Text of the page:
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Posters

Preretinal hemorrhages mascerading as intraocular cysts

Poster Details

First Author: M.Vinkovic CROATIA

Co Author(s):    G. DeSalvo   M. Bradvica               0   0 0   0 0   0 0   0 0

Abstract Details



Purpose:

To report a case of preretinal hemorrhages maskerading as retinal cystic lesion in a patient with no history of ocular trauma or previous ocular inflammation.

Setting:

Ophthalmology Department University Hospital Osijek, Osijek, Croatia

Methods:

We report a 27.year-old female who presented with two weeks of blurred vision in the left eye. She underwent complete ophthalmic examination, optical coherence tomography (OCT), fundus fluorescein angiography (FFA) and B mode ultrasound (US). A detailed systemic workup was done to rule out possible infectious and inflammatory causes of the retinal lesions. Neurology referral was made to exclude neurologic causes for the loss of consciousness that she reported. No treatment was warranted because of the good visual acuity.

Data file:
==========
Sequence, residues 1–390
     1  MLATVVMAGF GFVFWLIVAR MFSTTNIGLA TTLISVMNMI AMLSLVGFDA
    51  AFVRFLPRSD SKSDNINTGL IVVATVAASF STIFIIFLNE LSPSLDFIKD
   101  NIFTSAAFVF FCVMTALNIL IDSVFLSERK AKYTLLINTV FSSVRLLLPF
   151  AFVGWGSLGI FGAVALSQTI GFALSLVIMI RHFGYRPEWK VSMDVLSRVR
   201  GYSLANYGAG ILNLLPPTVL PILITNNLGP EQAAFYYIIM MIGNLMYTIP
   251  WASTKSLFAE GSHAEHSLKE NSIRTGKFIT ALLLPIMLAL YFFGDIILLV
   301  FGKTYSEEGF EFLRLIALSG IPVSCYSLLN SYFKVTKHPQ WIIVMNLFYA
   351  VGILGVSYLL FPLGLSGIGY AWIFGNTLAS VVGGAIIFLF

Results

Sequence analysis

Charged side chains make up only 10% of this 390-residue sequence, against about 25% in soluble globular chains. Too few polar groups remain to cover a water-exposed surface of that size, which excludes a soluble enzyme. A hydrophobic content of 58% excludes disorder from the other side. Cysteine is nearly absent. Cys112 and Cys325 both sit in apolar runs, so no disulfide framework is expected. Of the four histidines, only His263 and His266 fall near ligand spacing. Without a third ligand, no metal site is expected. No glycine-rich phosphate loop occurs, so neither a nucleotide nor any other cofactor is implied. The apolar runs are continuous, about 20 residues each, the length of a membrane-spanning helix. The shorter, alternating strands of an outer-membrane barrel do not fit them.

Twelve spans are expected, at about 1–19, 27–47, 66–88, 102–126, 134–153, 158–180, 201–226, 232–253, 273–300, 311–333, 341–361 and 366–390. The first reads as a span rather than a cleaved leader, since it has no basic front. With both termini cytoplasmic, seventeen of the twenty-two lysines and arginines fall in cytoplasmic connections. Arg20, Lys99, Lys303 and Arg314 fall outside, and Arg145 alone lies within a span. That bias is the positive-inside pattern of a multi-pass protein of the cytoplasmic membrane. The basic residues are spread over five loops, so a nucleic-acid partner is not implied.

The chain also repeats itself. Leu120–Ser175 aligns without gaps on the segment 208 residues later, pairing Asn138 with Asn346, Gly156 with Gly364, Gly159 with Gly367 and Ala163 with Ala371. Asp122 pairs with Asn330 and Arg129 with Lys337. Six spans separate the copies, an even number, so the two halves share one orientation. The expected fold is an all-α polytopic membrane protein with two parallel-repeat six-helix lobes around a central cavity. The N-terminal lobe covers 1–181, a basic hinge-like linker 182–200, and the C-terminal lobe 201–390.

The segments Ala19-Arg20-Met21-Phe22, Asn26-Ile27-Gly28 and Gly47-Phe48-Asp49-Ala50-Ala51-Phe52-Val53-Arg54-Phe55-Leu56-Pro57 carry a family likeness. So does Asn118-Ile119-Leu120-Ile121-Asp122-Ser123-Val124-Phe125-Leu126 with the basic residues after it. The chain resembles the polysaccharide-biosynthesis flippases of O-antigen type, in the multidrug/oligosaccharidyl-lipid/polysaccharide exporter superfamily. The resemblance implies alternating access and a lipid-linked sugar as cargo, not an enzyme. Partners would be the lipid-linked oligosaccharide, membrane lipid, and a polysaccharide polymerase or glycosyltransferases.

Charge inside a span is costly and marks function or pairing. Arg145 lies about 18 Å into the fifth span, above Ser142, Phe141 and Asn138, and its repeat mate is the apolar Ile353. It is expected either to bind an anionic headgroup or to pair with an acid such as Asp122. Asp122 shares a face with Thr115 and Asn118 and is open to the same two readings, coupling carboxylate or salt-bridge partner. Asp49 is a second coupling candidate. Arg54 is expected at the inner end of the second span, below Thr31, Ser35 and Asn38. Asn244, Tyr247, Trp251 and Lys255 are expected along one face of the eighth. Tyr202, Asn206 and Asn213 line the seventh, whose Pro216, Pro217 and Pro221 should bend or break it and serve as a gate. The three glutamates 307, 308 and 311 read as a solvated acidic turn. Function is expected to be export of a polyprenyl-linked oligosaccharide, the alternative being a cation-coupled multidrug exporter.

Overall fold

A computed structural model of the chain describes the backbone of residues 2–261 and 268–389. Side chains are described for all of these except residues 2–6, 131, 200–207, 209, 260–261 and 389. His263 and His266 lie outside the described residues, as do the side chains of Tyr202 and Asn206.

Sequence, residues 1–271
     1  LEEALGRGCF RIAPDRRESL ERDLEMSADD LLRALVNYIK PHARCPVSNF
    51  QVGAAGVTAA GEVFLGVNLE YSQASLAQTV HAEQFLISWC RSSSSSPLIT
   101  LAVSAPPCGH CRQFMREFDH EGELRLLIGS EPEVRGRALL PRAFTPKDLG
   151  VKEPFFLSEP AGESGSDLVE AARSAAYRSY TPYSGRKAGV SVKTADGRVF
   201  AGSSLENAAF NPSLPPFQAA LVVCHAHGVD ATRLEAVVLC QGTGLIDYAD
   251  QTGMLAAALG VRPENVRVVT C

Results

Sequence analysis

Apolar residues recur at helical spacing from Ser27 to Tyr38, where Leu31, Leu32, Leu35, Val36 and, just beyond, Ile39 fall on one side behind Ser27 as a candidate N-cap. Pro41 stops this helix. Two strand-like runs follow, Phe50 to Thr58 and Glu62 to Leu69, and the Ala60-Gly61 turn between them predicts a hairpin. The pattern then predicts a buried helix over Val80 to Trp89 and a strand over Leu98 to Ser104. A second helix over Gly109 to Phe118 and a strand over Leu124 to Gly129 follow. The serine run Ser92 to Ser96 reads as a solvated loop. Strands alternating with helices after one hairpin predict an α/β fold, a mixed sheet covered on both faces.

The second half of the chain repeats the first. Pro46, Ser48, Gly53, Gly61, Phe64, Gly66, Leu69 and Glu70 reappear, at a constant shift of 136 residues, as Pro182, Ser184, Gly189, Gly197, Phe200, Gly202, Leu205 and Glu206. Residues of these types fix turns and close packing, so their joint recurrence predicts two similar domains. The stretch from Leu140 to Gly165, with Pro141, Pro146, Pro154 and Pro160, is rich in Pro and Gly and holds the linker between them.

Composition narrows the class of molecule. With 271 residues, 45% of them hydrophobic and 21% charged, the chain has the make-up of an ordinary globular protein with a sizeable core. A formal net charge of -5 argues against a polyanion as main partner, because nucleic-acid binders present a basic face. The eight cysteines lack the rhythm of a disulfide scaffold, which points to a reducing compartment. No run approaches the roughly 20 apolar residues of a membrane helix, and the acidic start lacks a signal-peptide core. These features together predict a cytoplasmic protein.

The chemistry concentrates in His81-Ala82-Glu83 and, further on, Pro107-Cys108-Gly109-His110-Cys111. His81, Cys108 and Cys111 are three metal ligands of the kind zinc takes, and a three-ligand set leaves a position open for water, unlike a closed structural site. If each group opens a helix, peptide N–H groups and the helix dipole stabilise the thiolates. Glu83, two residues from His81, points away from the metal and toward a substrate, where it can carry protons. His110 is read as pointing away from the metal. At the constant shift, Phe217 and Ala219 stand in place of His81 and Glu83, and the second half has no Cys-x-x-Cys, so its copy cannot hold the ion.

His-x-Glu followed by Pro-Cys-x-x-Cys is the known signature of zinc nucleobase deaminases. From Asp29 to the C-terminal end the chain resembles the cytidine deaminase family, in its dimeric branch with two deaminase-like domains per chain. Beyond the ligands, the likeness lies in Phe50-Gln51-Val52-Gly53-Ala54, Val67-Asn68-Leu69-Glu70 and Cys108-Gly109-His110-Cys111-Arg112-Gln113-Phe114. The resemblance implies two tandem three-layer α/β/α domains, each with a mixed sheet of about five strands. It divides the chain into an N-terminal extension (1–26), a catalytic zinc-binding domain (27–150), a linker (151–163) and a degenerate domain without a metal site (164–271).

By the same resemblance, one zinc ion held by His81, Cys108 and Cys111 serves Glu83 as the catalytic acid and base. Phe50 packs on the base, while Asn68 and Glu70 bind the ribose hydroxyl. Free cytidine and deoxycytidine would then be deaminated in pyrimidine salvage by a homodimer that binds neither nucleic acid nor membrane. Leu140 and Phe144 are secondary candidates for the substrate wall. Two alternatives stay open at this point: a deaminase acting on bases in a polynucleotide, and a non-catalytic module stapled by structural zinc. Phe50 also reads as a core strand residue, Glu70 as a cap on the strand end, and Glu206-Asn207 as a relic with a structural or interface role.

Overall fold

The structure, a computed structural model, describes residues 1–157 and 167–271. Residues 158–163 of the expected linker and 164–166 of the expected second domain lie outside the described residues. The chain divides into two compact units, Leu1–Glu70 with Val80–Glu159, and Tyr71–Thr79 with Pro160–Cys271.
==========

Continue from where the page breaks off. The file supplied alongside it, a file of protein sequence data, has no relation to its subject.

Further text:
Results:

Fundoscopic examination revealed two globular, well-demarcated preretinal lesions at the posterior pole of the left eye. They appeared to be different in colour and size. OCT showed that the lesions were hyperreflective and contiguous with the retinal surface with a hint of the posterior hyaloid visible just anterior to their downslope. On FFA the lesions blocked the fluorescence in all the angiogram phases. B mode US revealed pseudo-cystic lesions with hypoechogenic content. Systemic workup and neurologic examination were unremarkable. At two weeks follow up the lesions largely dissipated and their OCT showed persistent elevation of the inner limitant membrane (ILM) with a partially attached posterior hyaloid.

Conclusions:

Preretinal/sub-ILM hemorrhages can be idiopathic or associated with Valsalva maneuvers, Terson syndrome, macroaneurysms, trauma, or blood dyscrasias. They can represent the first sign of a systemic disease and mimic parasitic cysts like in this case. We recommend a thorough investigation to rule out blood dyscrasia and infectious diseases especially when they are not presenting as isolated lesions.

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